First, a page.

03 July 2017 6.00pm

Britain's long‑term growth

Speaker: Prof Timothy Besley, London School of Economics
Speaker: Prof Nick Crafts, University of Warwick

Venue: Ashurst, Broadwalk House, 5 Appold Street, London, EC2A 2DA

The SBE was very pleased to invite two well known figures in the world of economics to debate the future of economic growth, with Professor Nick Crafts and Professor Tim Besley speaking at the July evening meeting - jointly held with the Government Economic Service and kindly hosted by Ashurst.

Listen to our interview podcast with the two speakers here:

and the recording of the meeting here:

Professor Crafts kicked off the debate by talking about Robert Gordon’s 2016 book, “The Rise and Fall of American Growth”. In the book, Gordon argues that total factor productivity has followed an inverted U shape, with the “special century” between 1870 and 1970 never to be repeated. Gordon talks of the Great Inventions in the second industrial revolution (electricity, chemicals etc) but argues that the subsequent ICT revolution has made only a small contribution to productivity.

Professor Crafts’ critique of Robert Gordon’s book begins by noting that there is little quantitative evidence for his contentions. Rather than a “Special Century”, Nick argues that the golden age for productivity was between 1929 and 1950 - when living standards improved dramatically thanks to improved effectiveness of medicines and the associated fall in mortality. Professor Crafts notes that the period would have been even better for productivity had it not been for the Great Depression and Second World War, and concludes that investment in health is a very worthwhile cause.

There are a number of reasons as to why productivity might have slowed despite the innovation in technology. The two major competing explanations are a) that innovations now have a lower economic impact than the past (Gordon’s view) and b) that technology will have a high economic impact but it hasn’t arrived yet (the view of MIT’s Erik Brynjolfsson).

In this respect Professor Crafts argues that other major inventions also took time to impact on growth - steam, for example, took a century to develop sufficiently for it to have its maximum impact, while the equivalent lag for electricity was around 40 years. “Technologies do not come fully fledged on day one”, as Nick points out. Redesigning factories to adapt to new technologies takes time - the question is whether we are better at adapting now than in the past.

Other potential explanations for weaker productivity are mismeasurement of GDP (though Professor Besley notes that GDP has always been underestimated so this is unlikely to be a reason for recent productivity disappointments), declining business dynamism (such as weaker contributions to productivity from the entry of new firms) and overregulation (the evidence for which is dismissed as negligible by Professor Crafts).

While Professor Crafts argues that the slowdown in productivity is real, it is not necessarily permanent. Brynjolfsson thinks it will improve going forward, while Gordon provides little evidence to show that even past great inventions have been good for total factor productivity growth. Professor Crafts highlights the work of Harberger (1998) who argues that total factor productivity growth “mushrooms” progressively via the widespread adoption of technology rather than through any individual great invention. In summary, Professor Crafts argues that Gordon’s book is better on challenging ideas rather than providing hard evidence.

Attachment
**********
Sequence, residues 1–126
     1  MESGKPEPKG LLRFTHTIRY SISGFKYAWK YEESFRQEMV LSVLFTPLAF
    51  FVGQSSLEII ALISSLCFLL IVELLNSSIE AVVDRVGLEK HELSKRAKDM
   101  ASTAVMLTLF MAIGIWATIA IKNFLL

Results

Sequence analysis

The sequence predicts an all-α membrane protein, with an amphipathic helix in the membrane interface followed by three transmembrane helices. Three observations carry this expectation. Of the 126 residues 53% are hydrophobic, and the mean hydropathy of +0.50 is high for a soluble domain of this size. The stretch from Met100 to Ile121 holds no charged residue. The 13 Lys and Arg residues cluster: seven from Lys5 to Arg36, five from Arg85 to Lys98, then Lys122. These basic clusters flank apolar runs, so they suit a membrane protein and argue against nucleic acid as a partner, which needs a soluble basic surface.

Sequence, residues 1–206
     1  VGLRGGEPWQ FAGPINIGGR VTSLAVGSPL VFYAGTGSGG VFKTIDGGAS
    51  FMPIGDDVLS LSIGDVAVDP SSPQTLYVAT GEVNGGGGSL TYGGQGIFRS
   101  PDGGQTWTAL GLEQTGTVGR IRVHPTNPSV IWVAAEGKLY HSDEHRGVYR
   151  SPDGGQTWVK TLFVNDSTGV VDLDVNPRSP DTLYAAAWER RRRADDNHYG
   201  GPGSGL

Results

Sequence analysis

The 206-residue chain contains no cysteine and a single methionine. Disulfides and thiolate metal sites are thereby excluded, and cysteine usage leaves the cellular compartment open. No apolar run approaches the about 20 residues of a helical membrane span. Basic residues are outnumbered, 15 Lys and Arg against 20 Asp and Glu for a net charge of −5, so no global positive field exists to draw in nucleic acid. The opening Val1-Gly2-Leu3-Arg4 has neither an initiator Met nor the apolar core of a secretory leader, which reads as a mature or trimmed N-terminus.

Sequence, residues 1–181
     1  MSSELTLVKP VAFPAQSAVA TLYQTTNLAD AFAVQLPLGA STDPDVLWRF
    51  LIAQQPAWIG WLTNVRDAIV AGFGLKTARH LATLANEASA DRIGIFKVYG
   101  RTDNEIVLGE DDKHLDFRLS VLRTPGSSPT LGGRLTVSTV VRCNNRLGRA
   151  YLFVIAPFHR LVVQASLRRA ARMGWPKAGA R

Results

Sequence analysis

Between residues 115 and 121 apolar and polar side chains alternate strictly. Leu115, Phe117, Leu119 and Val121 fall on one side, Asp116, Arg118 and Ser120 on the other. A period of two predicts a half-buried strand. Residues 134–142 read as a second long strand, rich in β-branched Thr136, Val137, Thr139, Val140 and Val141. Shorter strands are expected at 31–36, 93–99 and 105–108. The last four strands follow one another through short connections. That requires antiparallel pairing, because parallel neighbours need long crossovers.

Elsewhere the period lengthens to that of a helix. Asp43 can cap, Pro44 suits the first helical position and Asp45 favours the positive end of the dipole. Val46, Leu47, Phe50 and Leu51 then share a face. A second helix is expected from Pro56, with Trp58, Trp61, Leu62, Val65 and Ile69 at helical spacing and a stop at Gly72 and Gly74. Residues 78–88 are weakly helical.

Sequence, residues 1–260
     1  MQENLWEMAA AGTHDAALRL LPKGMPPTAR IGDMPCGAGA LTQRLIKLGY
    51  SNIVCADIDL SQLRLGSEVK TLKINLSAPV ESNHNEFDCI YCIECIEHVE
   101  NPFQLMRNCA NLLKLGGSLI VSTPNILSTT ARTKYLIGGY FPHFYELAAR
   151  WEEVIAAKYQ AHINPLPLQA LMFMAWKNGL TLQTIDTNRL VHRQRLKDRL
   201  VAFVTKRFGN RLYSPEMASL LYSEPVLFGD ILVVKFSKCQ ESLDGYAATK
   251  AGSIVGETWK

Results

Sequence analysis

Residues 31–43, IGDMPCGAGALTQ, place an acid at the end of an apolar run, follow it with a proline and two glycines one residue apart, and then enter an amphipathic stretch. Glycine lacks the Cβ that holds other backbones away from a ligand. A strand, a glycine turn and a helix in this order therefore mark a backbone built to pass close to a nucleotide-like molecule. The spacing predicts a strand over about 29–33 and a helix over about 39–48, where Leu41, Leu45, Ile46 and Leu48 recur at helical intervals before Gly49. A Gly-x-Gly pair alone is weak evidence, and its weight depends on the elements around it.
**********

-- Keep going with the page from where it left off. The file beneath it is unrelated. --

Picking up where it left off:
Professor Tim Besley continues the debate by initially quoting Keynes’ concerns about growth discussed in his book The End of Laissez Faire. Professor Besley’s talk centres on four phases of policy thinking. In the first, “normative”, phase he discusses why markets fail and why governments therefore decide to step in. The second phase relates to the “challenge of government failure” - surrounding the reasons of ignorance, incentives and incompetence. The third phase is that “institutions matter” - how to design structures that make democracy work. And the final phase is how the state acquires the “capacity” to intervene competently, both by supporting and augmenting markets.

When writing the economic history of the twentieth century Professor Besley argues that the stand-out observation is the increase in tax revenue raised by governments - from less than 10% in the early 1900s (a level that Schumpeter noted was likely to be an upper limit) to over 40% today (based on a sample of eighteen countries).

Professor Besley identifies two periods over the past 70 years in relation to state intervention. During the period from 1945 to 1980 the state successfully extended its capacity regarding national health and education, though failed in the 1970s economic mismanagement and by nationalising industries. Then, between 1980 and 2008, Britain rethought state capacity with successes seen in the realms of privatisation, openness and competitiveness. The result was that GDP per capita overtook once again that of France, Germany and America.

There has been a consensus post-1980 for privatisation, flexible labour markets, university education, openness and tax/GDP ratios no higher than 37.5% - though we are beginning to see  push-back on some of these, such as the resumption of an industrial strategy which had been taboo since the early 1980s.. Professor Besley concludes by stating his concerns that the latest government industrial strategy does not have any well-defined framework. A new analytical-based model of intervention is required when it comes to industrial strategy.